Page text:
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Debby, that's not a bad idea. If I did that I would head down your way, I love Colorado and Utah. Before my mother-in-law passed away she was in a home in Colorado Springs, we visited her a lot and I really got to like it down there. I could test ride Snortin up and down Pikes Peak. :lol:

I may look into doing as you suggest locally before I get carried away though. Thanks for the suggestion.
 

MichaelB

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Hey Funhog, Valentino Rossi can out ride me with a hand shifter on the rear fender and a foot clutch on the front.

I am surprised I haven't gotten more response positive or negative. I have tried to debate this before and all I usually get a glassy eyed, so what. I guess that's happening here.

I have wondered about GP bikes, is the shift pattern so because it is better or because way back when the shifter had to be turned around for rear sets.

Anyone know?
 
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shift patterns

Greetings,
I'd like to jump on the tail end of this thread as it has turned to up or down shift patterns. My problem is when I have to stop quick for whatever reason I have difficulty down shifting quickly with the one up three down pattern. (I'll have to admit here that Parkinsons Disease has been kicking my ass for the past two years. The words slow and stiff have taken on new personal meaning. There are those around me who question my riding the bike at all. I figuere what the hell, better to die with your boots on and the exhaust pipes still hot and smoking).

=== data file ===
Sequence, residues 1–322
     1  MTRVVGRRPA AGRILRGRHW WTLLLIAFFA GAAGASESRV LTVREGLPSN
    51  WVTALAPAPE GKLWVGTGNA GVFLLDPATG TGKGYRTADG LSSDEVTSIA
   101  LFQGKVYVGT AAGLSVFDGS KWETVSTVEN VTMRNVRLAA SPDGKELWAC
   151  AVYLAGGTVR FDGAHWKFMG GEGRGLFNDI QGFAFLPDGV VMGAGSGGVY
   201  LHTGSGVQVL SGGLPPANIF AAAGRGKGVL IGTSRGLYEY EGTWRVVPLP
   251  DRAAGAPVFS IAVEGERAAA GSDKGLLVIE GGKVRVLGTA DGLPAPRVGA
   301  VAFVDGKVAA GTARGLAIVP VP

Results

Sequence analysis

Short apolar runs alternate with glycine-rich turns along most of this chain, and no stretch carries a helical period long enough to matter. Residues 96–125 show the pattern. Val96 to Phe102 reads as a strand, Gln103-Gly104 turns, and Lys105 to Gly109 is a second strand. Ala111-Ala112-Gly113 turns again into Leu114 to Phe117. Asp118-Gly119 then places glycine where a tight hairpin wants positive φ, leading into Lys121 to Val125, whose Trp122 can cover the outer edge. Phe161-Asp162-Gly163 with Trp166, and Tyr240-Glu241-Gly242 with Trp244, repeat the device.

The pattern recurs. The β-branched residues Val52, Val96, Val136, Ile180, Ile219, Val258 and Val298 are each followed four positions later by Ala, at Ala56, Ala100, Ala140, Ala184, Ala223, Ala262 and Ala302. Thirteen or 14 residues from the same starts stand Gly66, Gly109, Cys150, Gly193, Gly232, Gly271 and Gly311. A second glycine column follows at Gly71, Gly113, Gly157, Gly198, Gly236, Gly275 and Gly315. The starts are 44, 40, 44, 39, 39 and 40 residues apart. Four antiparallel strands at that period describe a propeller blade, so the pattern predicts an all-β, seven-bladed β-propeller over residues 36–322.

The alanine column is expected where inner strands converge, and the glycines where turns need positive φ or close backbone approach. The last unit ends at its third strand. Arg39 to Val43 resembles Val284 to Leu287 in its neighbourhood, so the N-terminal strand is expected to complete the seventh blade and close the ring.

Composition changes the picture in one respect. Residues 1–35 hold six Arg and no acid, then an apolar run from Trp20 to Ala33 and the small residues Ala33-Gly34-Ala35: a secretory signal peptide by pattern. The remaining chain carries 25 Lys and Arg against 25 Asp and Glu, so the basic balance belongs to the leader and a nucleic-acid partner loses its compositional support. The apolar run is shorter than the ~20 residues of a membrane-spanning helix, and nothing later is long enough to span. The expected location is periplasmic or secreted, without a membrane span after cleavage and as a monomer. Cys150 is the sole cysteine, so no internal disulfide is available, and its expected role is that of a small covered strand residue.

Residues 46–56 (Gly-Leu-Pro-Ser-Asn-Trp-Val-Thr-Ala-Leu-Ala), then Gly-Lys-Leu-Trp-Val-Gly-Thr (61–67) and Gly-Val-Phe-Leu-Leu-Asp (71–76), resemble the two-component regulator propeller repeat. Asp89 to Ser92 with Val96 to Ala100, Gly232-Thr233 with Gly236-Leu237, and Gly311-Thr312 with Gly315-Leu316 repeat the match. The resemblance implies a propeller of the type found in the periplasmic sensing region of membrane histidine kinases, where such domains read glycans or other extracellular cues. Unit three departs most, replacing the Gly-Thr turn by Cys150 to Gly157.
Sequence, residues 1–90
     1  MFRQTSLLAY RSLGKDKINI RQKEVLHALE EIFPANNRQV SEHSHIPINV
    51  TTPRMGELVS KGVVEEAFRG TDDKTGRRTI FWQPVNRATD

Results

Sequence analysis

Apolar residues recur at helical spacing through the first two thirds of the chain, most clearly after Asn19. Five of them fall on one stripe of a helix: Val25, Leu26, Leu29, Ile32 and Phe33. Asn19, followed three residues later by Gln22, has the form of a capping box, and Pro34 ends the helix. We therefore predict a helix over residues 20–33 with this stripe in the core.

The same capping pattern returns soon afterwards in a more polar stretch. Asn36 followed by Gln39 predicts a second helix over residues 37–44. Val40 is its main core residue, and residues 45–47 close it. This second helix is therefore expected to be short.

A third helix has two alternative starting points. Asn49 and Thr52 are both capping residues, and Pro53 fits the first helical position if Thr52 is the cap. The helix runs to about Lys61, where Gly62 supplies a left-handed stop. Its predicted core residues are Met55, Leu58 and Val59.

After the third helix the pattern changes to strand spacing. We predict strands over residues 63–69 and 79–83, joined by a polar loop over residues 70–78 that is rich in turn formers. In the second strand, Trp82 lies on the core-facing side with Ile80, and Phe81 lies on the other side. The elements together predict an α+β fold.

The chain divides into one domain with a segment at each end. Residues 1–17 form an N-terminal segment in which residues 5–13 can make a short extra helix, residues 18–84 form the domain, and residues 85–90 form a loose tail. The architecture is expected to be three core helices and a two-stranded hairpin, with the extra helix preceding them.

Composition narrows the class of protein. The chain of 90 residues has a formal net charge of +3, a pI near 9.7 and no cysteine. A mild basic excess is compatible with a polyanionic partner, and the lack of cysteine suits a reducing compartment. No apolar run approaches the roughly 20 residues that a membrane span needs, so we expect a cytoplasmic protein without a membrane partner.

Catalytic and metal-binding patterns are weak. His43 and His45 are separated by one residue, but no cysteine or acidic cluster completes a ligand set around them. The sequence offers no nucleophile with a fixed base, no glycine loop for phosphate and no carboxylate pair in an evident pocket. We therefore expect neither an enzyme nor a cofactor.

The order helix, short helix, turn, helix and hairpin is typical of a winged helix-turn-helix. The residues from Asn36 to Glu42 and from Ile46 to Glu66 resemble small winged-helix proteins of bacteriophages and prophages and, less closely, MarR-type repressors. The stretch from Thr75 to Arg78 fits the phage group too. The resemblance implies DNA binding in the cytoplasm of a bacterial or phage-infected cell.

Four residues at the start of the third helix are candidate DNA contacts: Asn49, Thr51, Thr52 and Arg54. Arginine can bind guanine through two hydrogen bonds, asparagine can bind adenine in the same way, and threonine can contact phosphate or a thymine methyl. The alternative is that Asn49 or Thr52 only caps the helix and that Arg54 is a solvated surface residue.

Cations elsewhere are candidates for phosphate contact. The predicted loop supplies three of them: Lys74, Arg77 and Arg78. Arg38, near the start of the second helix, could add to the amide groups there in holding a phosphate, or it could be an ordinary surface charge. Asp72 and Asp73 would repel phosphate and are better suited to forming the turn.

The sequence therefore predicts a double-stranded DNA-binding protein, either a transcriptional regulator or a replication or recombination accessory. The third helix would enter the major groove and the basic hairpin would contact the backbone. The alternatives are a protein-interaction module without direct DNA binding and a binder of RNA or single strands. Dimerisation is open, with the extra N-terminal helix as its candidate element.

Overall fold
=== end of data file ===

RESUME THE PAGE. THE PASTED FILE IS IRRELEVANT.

Anyway, I know previously in this forum there has been discussion of reverse cam plates and/or rearsets that flip the shift lever. I wonder if anyone who has done this could comment as to whether or not they felt it was an improvement, especially regarding the ease of shifting.

Sincerely,
George Baker
 
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Hi MichaelB!

There you go: racing bikes (MotoGP etc.) have got the „down-for-up”-gearlever assembly to give the possibility to shift gears when going through tight bends at high speeds (check the angle!). If it was the usual gear shift pattern, a racing pilot would not be able to get his foot under the gearlever…to shift gears.

I do not really care about down-for-up or vice versa… as long as all the gears are all in there somewhere… :wink:
 
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Matt.....are you sure that is why?

Couldn't it rather be traced back to the days of riding horses......when you urge a horse to take off, you lean forward(down) and push the reins forward. When slowing him down, you lean back(up) and pull the reins........down is forward, up is back. This fact is also reflected in the gas pedal of an auto...right foot down for go, up for slow.
The body makes these moves without even thinking about it, a truely instinctive way of shifting.

Then again.......maybe I've spent too many days in the saddle. :lol:
 
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feliz burn the bridges behind you mannnnnnn. The Norton is running great in that cool dark air in those rocky mountain roads u are now cruzzin and your mind is a wanderin.... any other bike you would have to shift for that next curving climb up to the next 1000 ft but u are on a Norton with ooodles of tourque available to you... should I shift or just add more coal on the throttle...... life is good.